The Vernal Equinox has come and past, and although I hear it is still snowing a few states north of here, the buds and blooms around in NC. This year I tried out two new spring rituals–some self-education that will perhaps spill over into the classroom someday.
The first was an attempt at hamantaschen, the traditional cookie of Purim. Celebrated on March 4th and 5th this year, Purim marks when Queen Esther defeated Haman’s plot to kill the Jews of Persia. Apparently what originated as a fairly minor holiday has now developed into something more meaningful, a marker of how so many times throughout history the Jewish people have survived and thrived despite persecution. The celebration itself is joyful–in Jerusalem there is a carnival aspect as people dress up in costume, use noise-makers, and drink and feast. The cookies are meant to represent Haman’s tri-cornered hat. I used the recipe found on Judaism 101 (a wonderful general resource for information on the religion, from an Orthodox perspective), but there are many online. One of my favorite cooking blogs, Smitten Kitchen, has a few different versions–more options to try next year!
Right around this time in my classes, my students were presenting projects on different rituals and holidays in Judaism. Many of them kept showing Sesame Street video clips dealing with Jewish topics that they found online. I had no idea where they came from, but when reading about Purim I found the source: Shalom Sesame. An American version of an Israeli version of Sesame Street, the show aimed to introduce Judaism to kids unfamiliar with Hebrew, the show has a number of famous guest stars and your favorite traditional Sesame Street characters. Apparently, Cookie Monster LOVES hamantaschen!! The clip below was great inspiration for my baking.
The other ritual I took part in was far more spiritual, for me, but was also very much a physical practice. I read that a local Methodist church was setting up a labyrinth during the Lenten season and was opening it up to the public. I’ve always been curious about walking labyrinths: how has the tradition survived since the Middle Ages? What does it represent? How does the physical movement encourage reflection and prayer?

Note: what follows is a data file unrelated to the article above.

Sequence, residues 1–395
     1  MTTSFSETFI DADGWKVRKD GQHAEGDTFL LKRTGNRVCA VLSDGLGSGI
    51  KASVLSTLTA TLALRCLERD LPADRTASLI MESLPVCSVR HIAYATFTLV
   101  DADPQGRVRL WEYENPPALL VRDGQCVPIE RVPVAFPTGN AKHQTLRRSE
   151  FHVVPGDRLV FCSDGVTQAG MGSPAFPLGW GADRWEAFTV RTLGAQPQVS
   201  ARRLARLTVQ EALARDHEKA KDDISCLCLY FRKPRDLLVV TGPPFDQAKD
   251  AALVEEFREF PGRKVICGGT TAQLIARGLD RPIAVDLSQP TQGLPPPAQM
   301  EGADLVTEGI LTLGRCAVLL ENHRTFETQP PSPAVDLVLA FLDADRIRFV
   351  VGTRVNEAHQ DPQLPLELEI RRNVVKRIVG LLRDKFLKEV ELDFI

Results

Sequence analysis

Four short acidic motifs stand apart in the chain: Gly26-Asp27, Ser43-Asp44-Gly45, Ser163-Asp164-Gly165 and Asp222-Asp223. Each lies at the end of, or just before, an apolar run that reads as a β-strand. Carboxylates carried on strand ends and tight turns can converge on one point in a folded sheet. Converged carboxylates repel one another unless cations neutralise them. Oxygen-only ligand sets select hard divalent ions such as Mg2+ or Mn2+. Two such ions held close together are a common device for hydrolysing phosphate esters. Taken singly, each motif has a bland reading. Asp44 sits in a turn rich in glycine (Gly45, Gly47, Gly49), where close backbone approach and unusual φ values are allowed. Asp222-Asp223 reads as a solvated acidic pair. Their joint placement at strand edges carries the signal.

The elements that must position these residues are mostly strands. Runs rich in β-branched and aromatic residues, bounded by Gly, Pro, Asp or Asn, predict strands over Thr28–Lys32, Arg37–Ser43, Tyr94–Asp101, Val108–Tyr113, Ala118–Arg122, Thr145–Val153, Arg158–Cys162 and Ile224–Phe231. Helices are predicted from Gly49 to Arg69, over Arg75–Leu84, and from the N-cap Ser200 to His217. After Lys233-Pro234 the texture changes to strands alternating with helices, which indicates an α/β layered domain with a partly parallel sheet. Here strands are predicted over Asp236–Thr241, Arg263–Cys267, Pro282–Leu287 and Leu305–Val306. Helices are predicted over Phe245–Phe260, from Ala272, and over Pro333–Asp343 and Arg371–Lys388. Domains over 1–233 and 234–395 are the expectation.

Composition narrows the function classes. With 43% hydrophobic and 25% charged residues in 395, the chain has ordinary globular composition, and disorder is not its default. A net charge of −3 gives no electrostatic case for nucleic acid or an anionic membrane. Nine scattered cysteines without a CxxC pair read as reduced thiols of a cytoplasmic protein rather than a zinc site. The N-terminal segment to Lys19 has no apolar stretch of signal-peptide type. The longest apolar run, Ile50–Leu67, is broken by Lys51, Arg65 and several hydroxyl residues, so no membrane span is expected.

I have tried walking meditations before–I’ve mentioned how my afternoon walks with Teddy sometimes fit that bill for me, and more formally when a Won Buddhist nun came to visit our school. The labryinth though, with its twists and turns, and the experience of doing it in community with others, forced me to be much more reflective about the steps I was taking. I have heard that the labyrinth was originally a replacement for pilgrimages to the holy land. Worshippers at the Chartres Cathedral would walk it on their knees. I think today that the labyrinth is more universally translated as a metaphor for life, and it is used by Christians and more New-Agey types alike. As I sorted through the resource books available at the church afterwards I found suggestions for using a labyrinth for healing from trauma, as a Lenten opportunity to reflect, and simply a type of meditative relaxation.
When we got to the church, the woman suggested some different ways of using the labyrinth: as a place to simply recite the Lord’s prayer, to pray for ourselves on the way in and others on the way out, to let go of our worries and then to give thanks. Walking through, I found myself thinking about the turns that life takes. At points I would come close to my friends who were walking with me, and then the path would steer me away, a reminder that at times we do things together and at others we are more alone. Focusing on each step, I spent time in meaningful contemplation than I think I would have if I simply entered the church to pray. The path required you to slow down, follow the curves, and have faith that you’d eventually make your way through.